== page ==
Triple H Services
B-298248,B-298248.2: Aug 1, 2006
- Full Report:
Triple H Services protests the award of a contract to B.R. Mowing, Inc. under invitation for bids (IFB) No. W911WN-06-B-0002, issued by the Army Corps of Engineers for buildings and grounds maintenance services at Berlin Lake, Berlin Center, Ohio. The protester contends that the awardee's bid is materially unbalanced and challenges the agency's affirmative determination of the awardee's responsibility.
We deny the protest.
B-298248; B-298248.2, Triple H Services, August 1, 2006
Protest is denied where record fails to support protester's contentions that awardee's bid is materially unbalanced or that agency's affirmative determination of responsibility for the firm was improper.
Triple H Services protests the award of a contract to B.R. Mowing, Inc. under invitation for bids (IFB) No. W911WN-06-B-0002, issued by the Army Corps of Engineers for buildings and grounds maintenance services at
The IFB, issued on
B.R. Mowing reported that its bid was accurate and further explained that it was able to offer a lower price by performing much of the work itself, with only limited subcontracting; the firm also noted its successful performance of the same work for the last 5 years to demonstrate its full understanding of the requirements and confirmed that it was prepared to meet those requirements at the price it bid for the work. In response, the agency asked for additional information regarding, for instance, the firm's anticipated direct labor and indirect costs. B.R. Mowing submitted bid workpapers and an explanatory narrative identifying some wage rates it stated were used in calculating the firm's bid; in its narrative, the firm further explained that, as the incumbent contractor, it had full knowledge of the work, already owned the required equipment, and anticipated limiting overall labor costs by doing much of the work itself with family members and a current employee.
The agency reports that it found B.R. Mowing's bid acceptable, since the firm twice confirmed the accuracy of its pricing, and also confirmed its agreement to the IFB requirement to compensate employees at the prevailing wage rates. The agency also considered that the firm's successful performance of the same work requirements for the last 5 years showed a full understanding of the requirements, and that its favorable preaward survey, confirming adequate financial resources and performance capability, supported an affirmative determination of B.R. Mowing's responsibility. An award was made to the firm; this protest followed.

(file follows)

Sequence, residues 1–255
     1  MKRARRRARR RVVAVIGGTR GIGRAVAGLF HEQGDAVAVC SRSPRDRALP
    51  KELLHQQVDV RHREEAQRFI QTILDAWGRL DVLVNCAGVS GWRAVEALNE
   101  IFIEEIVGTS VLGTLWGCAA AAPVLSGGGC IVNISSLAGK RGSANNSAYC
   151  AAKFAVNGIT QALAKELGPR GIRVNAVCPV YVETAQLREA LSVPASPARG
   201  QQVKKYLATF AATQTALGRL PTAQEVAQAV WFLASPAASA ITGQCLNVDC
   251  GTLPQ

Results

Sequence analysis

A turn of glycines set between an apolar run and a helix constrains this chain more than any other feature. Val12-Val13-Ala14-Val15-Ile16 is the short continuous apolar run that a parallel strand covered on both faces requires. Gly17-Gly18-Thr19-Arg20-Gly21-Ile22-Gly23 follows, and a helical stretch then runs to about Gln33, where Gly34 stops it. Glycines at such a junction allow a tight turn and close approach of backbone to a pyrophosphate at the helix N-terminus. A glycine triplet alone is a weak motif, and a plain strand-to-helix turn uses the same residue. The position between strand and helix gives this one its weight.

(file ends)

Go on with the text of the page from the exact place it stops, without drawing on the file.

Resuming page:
Triple H initially contends that the awardee's bid is materially unbalanced for significantly understating several line item prices, including grass mowing services and certain restroom cleanings. The agency responds that Triple H's contention is actually a challenge to an alleged below-cost bid and, as such, provides no basis to question the award. We agree.
Unbalanced pricing exists where the price of one or more contract line items is significantly overstated, despite an acceptable total evaluated price (typically achieved through underpricing of one or more other line items). See Federal Acquisition Regulation sect. 15.404-1(g)(1); Ken Leahy Constr., Inc., B-290186,
Triple H next challenges the agency's affirmative determination of B.R. Mowing's responsibility, alleging that the agency failed to consider available information that Triple H believes should have led to a negative responsibility determination. Specifically, the protester contends that the agency should have held against B.R. Mowing the fact that, in its response to the agency's post-bid opening inquiry, the firm asserted that it would pay certain wage rates which are, according to Triple H, lower than the wage rates that will be required during contract performance. The protester also alleges that the agency failed to consider that B.R. Mowing was recently required to pay back wages to employees under its incumbent contract.
Our Office will not review challenges to an agency's affirmative determination of responsibility except for limited circumstances, including where evidence raises serious concerns that, in reaching a particular determination, the contracting officer unreasonably failed to consider available relevant information or otherwise violated statute or regulation. Bid Protest Regulations, 4 C.F.R. sect. 21.5(c) (2006). The protest here does not meet the standard for invoking our review of the agency's responsibility determination.
First, while the protester alleges that the agency failed to consider the awardee's reference to certain allegedly noncompliant wage rates in its post-bid opening statements to the agency, a bidder may remain eligible for award even if lower wage rates than those required by a prevailing wage rate determination are offered by the firm where the firm accepts (and is therefore obliged to meet) a requirement to compensate employees at prevailing rates, and the firm is otherwise determined to be responsible (in this case, on the basis of a positive preaward survey). See Stanley Aviation, Inc., B-256650,
The protest is denied.
Gary L. Kepplinger